Thirteen students will be elected to the committee, which will take charge of collecting feedback from members of the bargaining unit, setting the agenda for negotiations, and going to the bargaining table on behalf of HGSU-UAW.
The call for nominations comes shortly after eligible graduate and undergraduate student assistants voted to approve HGSU-UAW’s petition to represent them in negotiations with the University over wages, stipends, health care, and a host of other issues. In a historic election held April 18 and 19, roughly 56 percent of voters cast ballots in favor of unionization.
Eligible members of the bargaining unit will have until May 1 to nominate their peers to serve on the committee. Eleven positions on the committee are reserved for students who earn the highest number of votes within their school or their division of the Graduate School of Arts and Sciences. Two additional members will earn their seats by winning the next highest number of votes overall, regardless of their school or division.
This breakdown is based on the number of eligible teaching and research assistants within each school or division. Specifically, the committee will be composed of one bargaining unit member from the School of Engineering and Applied Science, one member from the School of Public Health, one member from Harvard Law School, and one member from the College.
Within GSAS—whose students comprise the largest portion of the bargaining unit—the Humanities and Social Sciences divisions will contribute one member each, while the Natural Sciences division will contribute two members.
Two members will also be elected from the Division of Medical Sciences, which falls under both the Medical School and the Graduate School of Arts and Sciences and offers six interdisciplinary graduate programs, including a Ph.D. in biomedical sciences.
One member of the committee will come from one of Harvard’s “other professional schools,” the union’s email states. These schools include the Graduate School of Design, Harvard Kennedy School, Harvard Divinity School, Harvard Graduate School of Education, Harvard Business School, and the Division of Continuing Education.
Before the election, some students opposed to unionization said they worried the proposed bargaining committee would not represent their interests. For example, some students who work in labs said they feared the committee would focus on concerns particular to graduate students who work in a classroom setting.
Union organizers, though, said these students will not represent their schools on a constituent basis. Rather, they will all represent the interests of the entire bargaining unit collectively.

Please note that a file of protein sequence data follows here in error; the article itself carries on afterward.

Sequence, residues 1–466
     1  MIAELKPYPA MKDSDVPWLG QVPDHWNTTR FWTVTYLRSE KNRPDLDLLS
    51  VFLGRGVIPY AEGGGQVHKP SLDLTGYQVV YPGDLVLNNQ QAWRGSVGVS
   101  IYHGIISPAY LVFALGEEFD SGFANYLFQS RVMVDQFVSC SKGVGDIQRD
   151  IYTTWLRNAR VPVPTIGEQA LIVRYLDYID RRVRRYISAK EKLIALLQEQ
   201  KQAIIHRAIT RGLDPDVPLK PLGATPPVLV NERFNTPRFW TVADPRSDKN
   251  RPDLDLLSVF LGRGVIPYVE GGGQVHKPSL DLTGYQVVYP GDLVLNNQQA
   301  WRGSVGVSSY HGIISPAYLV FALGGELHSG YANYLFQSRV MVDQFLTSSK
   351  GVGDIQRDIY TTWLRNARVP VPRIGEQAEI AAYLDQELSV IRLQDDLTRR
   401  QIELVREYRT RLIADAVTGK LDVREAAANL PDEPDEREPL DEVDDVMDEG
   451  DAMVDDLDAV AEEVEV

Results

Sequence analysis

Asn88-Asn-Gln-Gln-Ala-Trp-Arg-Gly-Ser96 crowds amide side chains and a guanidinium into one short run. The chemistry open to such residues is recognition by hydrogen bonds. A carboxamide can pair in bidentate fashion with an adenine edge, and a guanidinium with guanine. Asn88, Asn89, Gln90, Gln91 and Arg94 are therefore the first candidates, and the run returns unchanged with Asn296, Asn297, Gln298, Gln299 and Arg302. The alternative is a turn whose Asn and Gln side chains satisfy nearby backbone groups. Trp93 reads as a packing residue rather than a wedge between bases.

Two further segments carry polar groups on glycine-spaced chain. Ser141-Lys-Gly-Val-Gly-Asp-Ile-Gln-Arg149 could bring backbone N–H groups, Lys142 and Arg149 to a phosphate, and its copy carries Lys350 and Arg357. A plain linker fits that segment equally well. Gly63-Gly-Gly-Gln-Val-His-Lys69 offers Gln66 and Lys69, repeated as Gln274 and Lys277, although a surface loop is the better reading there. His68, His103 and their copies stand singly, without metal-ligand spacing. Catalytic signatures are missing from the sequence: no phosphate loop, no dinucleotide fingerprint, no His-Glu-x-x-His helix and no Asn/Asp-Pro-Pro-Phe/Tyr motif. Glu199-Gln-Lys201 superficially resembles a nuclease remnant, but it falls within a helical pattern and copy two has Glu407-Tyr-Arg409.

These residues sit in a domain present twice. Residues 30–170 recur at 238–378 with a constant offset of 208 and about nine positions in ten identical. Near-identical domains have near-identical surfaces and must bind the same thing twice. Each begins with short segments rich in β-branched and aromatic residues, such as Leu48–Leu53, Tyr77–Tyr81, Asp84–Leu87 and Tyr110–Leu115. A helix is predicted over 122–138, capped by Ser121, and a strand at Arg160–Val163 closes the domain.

One of the bargaining committee’s first tasks will be the creation and distribution of a bargaining survey. During process of distributing and collecting these surveys—which can take months to complete—members of the bargaining unit will identify what they want union leadership to push for during negotiations. Unions typically wait until over half of members have completed the survey to create an initial bargaining agenda and begin negotiations with employers.
Though the bargaining committees will likely wait until the survey process is complete to generate an agenda, HSGU-UAW cited some major goals in the run-up to the election that may inform the agenda. For example, HGSU-UAW organizers have often pointed to provisions won by other graduate student unions relating to pay, childcare, and protections for victims of sexual harassment.
“I think it’s really exciting to see how many people already are really, really engaged with this process,” union organizer Andrew B. Donnelly said.
Though HGSU-UAW is making preparations to begin negotiations with the University, it remains unclear whether Harvard’s administration plans to bargain with the union. Shortly after the election, University spokesperson Anna G. Cowenhoven repeatedly declined to answer a question asking whether administrators will open negotiations with the newly empowered union.
The uncertainty around bargaining comes as graduate students at Columbia University are striking in response to their administration’s refusal to bargain. The voluntary strike will last until April 30. Columbia’s graduate union is also currently engaged in legal wrangling with its administration before the National Labor Relations Board.